Each V2B1 used in the Van Cortlandt Park project varied in size due to different requirements for each location, but O’Neill says the average size was about 10 feet to 12 feet in diameter and about 10 feet high.
Casting the V2B1 systems
Obviously, casting something of this size can be complicated. The trickiest part of the job – engineering the holes for the pipes – had to be done first. “Setting the forms is a manual operation,” explains Fenninger. “Using hole formers and engineered drawings, our workers are responsible for placing the right-sized hole for the right-sized pipe in exactly the right place with the right elevation. It’s not always easy, but it can be done properly with expertise.”
Once that is accomplished, the precast structures can be manufactured. “Because of their size, the chambers have to be made in sections,” says Fenninger. The base section for each includes the base slab and a small amount of wall height. This base is done in a single pour to create a monolithic joint where the base and walls meet. Additional wall sections, or risers, that may be needed to obtain a certain height are cast separately. “Once the concrete is poured and cured, we strip the forms and ship (the products) out when they are needed. At the site, the base is lowered into the hole and the risers are placed on top and joined using a mastic seal.”
Despite the complexity of forming the pipe holes, precast concrete is still the material of choice for these applications. “There are various stormwater treatment systems on the marketplace, and they all contain precast concrete components for a reason,” says Fenninger. “It has proven itself as being an extremely durable product. Any stormwater treatment system not made from precast has a tough row to hoe in terms of proving itself.”
Besides being durable, O’Neill adds that it’s much less expensive to manufacture this type of structure in a precast plant under controlled conditions and assemble them at the job site than it is to cast it in place. Plus, it results in a better product. “When it comes to stormwater treatment systems, the inverts coming in and going out of the system have to be extremely accurate for it to work properly,” says DesNoyer. “You can only get that sort of accuracy in a controlled pouring environment. It’s too difficult to use poured-in-place when this level of engineering and accuracy is required.”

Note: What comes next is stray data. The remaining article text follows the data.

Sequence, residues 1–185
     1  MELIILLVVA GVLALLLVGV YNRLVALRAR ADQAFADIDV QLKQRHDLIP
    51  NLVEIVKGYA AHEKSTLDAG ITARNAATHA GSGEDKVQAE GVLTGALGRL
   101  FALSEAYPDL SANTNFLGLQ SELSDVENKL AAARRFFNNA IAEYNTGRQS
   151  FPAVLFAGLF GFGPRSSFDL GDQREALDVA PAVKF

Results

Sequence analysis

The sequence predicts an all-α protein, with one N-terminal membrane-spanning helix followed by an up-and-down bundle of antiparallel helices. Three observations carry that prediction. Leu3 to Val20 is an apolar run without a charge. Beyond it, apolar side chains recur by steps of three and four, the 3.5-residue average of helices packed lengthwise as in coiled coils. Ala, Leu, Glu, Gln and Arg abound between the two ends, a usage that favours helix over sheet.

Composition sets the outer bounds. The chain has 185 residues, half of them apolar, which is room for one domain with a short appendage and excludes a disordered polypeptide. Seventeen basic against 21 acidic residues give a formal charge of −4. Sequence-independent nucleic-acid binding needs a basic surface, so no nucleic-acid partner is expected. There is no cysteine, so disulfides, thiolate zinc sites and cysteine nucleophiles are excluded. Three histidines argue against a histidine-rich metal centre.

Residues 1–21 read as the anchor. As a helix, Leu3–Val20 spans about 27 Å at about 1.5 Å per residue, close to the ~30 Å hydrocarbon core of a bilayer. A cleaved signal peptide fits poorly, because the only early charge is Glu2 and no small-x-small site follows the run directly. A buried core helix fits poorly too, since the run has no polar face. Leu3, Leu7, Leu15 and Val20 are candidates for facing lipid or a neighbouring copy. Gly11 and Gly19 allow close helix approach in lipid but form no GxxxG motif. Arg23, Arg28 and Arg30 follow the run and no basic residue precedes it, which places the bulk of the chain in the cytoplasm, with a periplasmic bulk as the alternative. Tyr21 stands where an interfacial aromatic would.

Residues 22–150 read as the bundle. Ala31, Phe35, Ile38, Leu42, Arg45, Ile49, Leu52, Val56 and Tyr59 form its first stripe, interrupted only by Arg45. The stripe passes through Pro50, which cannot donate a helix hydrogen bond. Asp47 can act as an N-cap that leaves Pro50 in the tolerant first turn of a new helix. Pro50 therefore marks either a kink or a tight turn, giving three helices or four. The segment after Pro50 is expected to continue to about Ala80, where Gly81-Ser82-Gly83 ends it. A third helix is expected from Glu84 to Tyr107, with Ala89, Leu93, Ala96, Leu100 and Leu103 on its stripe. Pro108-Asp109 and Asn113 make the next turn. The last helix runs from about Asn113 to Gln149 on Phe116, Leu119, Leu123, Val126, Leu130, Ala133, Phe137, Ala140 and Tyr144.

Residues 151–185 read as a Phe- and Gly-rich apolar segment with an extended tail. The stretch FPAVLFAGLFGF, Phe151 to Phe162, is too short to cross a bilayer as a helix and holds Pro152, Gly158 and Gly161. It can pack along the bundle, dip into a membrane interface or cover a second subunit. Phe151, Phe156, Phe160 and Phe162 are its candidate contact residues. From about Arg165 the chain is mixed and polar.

Installing the systems
To install these systems, accomplished in the spring of 2003, five locations around the park were excavated and the chambers that were specified for each area were dropped in by crane. While this is a standard process, it was difficult because of the park’s terrain. “Five tractor trailers had to back up about one mile along a narrow golf cart path before the crane could pick up the chambers and place them in the allotted holes,” says Fenninger. “Watching those trucks back up was a real nail biter.”
However, once that was done, things went smoothly with each system being placed in the appropriate location, risers added and sealed, and pipes inserted and sealed within a few hours.
“The main use of these systems is expected to take place during the fall and winter collecting leaf debris, salt and sand,” says DesNoyer. “We’ve done one cleaning since the installation and, at that point, they seemed to have a satisfactory amount of material in there. So thus far, we’ve been happy with what we’ve seen.”
Working quietly beneath the ground, precast concrete is doing wonders for the environment – and helping Van Cortlandt Park avoid a tragic ending to its rich history.